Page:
Consumed with Zeal for God’s House

For Lord’s day, October 28, 2012:

Dear Saints,

Tomorrow morning, we will see how Jacob laments the death of Joseph (as far as he knows is the case) by renting his clothes and lamenting in sackcloth in terrible mourning.  Yet, behind the scenes, we will see Joseph on the next step of his journey toward being a great deliverer (according to God’s plan).  Still, we can identify with Jacob — not always understanding how God’s revelation (in this case Joseph’s dreams) is supposed to work out in God’s providential dealings with us.  But we will learn, “Things aren’t always as they seem”.

We will sing Psalm 69 tomorrow to help us identify with the sorrow and loss of Jacob and Joseph (and the disciples losing Jesus):  When I wept, and chastened my soul with fasting, that was to my reproach. I made sackcloth also my garment; and I became a proverb to them (Psalm 69:10-11).  It as well lets us communicate our experience in this world yet being not of it.

But we also will sing this Psalm knowing with eyes of faith the fact that God is actually working it all out for our good, even as we are persecuted for identifying with God (as Joseph and Jesus were persecuted):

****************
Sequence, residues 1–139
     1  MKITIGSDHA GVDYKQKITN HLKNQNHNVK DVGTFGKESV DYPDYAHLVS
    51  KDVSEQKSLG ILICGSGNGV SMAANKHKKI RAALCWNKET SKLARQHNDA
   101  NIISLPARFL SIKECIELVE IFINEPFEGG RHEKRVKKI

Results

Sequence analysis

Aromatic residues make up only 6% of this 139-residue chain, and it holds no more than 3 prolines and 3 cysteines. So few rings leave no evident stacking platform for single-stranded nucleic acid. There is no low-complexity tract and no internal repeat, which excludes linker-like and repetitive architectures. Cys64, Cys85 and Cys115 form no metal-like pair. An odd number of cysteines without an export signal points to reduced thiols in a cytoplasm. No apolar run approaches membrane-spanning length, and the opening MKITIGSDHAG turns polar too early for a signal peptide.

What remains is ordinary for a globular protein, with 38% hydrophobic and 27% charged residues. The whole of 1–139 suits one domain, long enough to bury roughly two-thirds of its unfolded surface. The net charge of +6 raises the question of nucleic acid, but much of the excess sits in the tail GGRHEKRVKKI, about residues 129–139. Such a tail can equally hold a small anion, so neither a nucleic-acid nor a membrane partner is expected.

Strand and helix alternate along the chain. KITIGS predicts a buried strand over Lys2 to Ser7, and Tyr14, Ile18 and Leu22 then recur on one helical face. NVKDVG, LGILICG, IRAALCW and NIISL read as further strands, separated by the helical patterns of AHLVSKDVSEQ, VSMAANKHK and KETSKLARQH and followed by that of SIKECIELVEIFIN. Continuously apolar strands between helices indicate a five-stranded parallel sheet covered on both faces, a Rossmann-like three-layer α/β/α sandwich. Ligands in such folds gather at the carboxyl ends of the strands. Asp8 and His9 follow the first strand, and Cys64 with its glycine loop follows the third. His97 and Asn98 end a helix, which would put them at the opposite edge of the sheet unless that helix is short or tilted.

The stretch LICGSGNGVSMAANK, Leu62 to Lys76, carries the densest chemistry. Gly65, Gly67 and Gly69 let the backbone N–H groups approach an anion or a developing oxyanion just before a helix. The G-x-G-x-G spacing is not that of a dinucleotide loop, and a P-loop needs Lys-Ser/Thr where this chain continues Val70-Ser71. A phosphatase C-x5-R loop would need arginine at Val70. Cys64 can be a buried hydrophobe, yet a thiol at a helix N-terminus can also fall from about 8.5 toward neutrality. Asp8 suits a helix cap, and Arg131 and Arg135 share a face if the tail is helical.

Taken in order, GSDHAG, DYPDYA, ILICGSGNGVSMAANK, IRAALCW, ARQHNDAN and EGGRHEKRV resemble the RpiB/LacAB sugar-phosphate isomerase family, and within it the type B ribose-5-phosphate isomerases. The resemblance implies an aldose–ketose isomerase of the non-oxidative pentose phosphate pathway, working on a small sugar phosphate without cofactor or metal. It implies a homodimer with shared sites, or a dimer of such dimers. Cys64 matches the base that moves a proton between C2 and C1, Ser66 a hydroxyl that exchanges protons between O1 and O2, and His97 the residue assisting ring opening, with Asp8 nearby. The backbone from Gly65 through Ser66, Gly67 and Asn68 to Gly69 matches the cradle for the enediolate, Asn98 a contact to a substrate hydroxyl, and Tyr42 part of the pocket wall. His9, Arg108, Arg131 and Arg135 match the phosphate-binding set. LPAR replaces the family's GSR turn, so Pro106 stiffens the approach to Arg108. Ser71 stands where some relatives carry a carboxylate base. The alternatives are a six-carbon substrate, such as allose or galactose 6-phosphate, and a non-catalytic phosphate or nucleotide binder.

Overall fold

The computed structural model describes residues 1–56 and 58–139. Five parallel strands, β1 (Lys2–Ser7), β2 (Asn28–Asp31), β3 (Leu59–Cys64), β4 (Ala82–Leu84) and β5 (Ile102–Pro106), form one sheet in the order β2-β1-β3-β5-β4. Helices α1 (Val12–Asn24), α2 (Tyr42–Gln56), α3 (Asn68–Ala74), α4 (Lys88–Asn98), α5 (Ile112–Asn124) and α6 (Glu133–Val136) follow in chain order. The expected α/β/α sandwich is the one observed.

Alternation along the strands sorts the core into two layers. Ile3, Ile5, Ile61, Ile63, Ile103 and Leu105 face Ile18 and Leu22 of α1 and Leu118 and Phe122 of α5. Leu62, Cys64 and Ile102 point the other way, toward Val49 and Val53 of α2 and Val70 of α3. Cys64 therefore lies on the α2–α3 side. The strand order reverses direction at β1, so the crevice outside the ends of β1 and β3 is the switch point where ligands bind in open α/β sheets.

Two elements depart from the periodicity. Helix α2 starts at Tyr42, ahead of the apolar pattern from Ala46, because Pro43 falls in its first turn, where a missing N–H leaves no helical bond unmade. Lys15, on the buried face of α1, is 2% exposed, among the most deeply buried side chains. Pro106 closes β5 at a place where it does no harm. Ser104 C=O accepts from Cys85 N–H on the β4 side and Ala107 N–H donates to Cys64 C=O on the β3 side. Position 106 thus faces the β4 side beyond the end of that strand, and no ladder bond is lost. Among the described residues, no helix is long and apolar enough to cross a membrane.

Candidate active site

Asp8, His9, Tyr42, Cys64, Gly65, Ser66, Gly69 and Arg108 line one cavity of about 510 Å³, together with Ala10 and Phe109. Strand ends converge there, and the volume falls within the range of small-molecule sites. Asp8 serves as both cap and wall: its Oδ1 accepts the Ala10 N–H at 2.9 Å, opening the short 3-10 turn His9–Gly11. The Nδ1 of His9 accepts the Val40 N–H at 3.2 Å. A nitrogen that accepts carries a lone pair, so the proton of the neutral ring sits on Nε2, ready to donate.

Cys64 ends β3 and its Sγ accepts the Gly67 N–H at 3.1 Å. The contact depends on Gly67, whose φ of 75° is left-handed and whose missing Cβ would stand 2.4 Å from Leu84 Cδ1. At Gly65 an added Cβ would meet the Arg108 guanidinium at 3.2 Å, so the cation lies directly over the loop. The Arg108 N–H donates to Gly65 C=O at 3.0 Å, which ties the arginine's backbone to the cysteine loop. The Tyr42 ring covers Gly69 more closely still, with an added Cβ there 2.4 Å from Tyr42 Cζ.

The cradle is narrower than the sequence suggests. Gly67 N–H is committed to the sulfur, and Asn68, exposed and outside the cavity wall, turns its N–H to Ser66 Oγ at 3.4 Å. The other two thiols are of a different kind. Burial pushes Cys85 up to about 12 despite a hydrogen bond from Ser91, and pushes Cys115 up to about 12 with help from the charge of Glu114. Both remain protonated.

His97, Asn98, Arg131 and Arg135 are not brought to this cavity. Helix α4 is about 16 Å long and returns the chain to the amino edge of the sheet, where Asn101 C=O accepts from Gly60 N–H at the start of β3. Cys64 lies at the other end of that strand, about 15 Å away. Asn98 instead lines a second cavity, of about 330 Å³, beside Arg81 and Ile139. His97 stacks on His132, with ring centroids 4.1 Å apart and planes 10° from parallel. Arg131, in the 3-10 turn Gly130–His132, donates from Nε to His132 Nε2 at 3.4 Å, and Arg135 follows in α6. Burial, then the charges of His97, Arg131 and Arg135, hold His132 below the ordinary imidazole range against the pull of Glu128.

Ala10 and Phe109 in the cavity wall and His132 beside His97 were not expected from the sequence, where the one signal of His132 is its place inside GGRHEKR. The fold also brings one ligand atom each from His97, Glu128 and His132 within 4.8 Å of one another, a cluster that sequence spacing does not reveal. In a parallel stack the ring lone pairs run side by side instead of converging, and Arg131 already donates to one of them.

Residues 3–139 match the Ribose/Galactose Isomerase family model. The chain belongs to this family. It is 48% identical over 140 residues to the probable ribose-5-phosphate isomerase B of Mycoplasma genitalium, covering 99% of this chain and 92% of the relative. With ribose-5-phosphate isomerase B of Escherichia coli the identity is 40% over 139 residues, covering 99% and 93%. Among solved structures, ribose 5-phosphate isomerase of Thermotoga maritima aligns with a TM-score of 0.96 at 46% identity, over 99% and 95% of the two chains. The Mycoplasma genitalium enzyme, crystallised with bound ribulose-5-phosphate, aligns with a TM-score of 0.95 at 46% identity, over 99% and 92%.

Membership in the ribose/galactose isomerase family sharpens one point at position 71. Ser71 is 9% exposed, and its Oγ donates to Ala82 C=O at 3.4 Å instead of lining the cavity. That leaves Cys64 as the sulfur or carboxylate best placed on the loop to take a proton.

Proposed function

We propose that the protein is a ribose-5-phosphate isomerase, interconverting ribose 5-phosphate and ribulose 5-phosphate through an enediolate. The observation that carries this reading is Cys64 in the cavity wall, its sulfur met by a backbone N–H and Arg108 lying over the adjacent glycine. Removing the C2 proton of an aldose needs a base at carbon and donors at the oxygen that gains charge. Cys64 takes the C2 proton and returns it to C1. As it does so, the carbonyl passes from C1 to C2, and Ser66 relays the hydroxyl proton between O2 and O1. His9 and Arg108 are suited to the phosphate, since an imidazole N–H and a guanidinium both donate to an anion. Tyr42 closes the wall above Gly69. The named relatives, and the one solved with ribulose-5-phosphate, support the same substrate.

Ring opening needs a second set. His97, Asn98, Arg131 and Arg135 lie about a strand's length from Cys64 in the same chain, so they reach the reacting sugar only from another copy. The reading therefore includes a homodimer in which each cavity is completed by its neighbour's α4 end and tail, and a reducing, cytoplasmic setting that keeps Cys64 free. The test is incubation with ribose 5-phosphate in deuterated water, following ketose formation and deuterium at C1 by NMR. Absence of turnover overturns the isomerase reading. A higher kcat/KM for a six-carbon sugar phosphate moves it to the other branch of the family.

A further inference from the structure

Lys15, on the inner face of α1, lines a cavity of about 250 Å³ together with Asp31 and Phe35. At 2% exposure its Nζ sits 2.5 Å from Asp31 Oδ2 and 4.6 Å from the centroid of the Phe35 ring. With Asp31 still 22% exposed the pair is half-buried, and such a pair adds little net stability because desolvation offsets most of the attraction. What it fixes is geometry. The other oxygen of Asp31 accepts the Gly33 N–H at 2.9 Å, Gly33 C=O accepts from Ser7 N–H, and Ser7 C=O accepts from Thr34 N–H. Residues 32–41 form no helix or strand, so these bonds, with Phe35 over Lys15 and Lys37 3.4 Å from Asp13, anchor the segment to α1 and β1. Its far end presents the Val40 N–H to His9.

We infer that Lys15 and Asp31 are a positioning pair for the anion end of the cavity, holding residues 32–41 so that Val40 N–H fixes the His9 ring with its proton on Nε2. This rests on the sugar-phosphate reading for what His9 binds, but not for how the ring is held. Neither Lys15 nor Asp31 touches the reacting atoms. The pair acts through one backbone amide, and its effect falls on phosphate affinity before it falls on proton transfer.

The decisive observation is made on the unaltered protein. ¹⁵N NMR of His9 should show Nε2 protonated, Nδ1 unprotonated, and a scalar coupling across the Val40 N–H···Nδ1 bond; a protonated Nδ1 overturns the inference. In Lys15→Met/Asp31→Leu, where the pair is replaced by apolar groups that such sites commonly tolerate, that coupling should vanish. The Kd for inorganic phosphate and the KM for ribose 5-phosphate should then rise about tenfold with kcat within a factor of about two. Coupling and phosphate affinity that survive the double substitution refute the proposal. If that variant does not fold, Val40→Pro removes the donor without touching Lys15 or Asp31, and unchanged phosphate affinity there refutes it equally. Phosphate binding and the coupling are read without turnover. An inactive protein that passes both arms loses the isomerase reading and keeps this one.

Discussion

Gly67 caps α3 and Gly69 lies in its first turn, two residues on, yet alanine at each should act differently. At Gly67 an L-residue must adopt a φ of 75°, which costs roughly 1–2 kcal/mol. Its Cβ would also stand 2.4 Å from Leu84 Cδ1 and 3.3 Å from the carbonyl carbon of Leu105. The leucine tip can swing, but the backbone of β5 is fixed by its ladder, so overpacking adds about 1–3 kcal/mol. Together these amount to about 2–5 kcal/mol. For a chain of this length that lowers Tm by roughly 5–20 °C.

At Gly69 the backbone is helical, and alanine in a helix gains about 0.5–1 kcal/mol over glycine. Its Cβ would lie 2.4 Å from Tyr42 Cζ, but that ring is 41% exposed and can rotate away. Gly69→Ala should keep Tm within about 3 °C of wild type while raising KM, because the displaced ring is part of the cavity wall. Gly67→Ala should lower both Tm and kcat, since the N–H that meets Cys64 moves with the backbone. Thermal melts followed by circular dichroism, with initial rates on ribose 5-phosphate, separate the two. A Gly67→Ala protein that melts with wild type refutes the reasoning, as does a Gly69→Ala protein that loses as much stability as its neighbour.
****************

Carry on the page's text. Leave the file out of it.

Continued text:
But as for me, my prayer is unto thee, O LORD, in an acceptable time: O God, in the multitude of thy mercy hear me, in the truth of thy salvation. Deliver me out of the mire, and let me not sink: let me be delivered from them that hate me, and out of the deep waters. Let not the waterflood overflow me, neither let the deep swallow me up, and let not the pit shut her mouth upon me.  Hear me, O LORD; for thy lovingkindness is good: turn unto me according to the multitude of thy tender mercies.  (Psalm 69:13-16)

But here is what is really exciting about singing this Psalm and identifying with Christ:  For the zeal of thine house hath eaten me up; and the reproaches of them that reproached thee are fallen upon me. (Psalm 69:9)

Does this verse sound familiar?  It came to mind from the disciple’s worship when they saw Jesus breaking things up in the temple:

And the Jews’ passover was at hand, and Jesus went up to Jerusalem, And found in the temple those that sold oxen and sheep and doves, and the changers of money sitting: And when he had made a scourge of small cords, he drove them all out of the temple, and the sheep, and the oxen; and poured out the changers’ money, and overthrew the tables; And said unto them that sold doves, Take these things hence; make not my Father’s house an house of merchandise. And his disciples remembered that it was written, The zeal of thine house hath eaten me up. (John 2:13-17)

Paul also draws on his worshipping and applies the second part of Psalm 69:9 to Christ: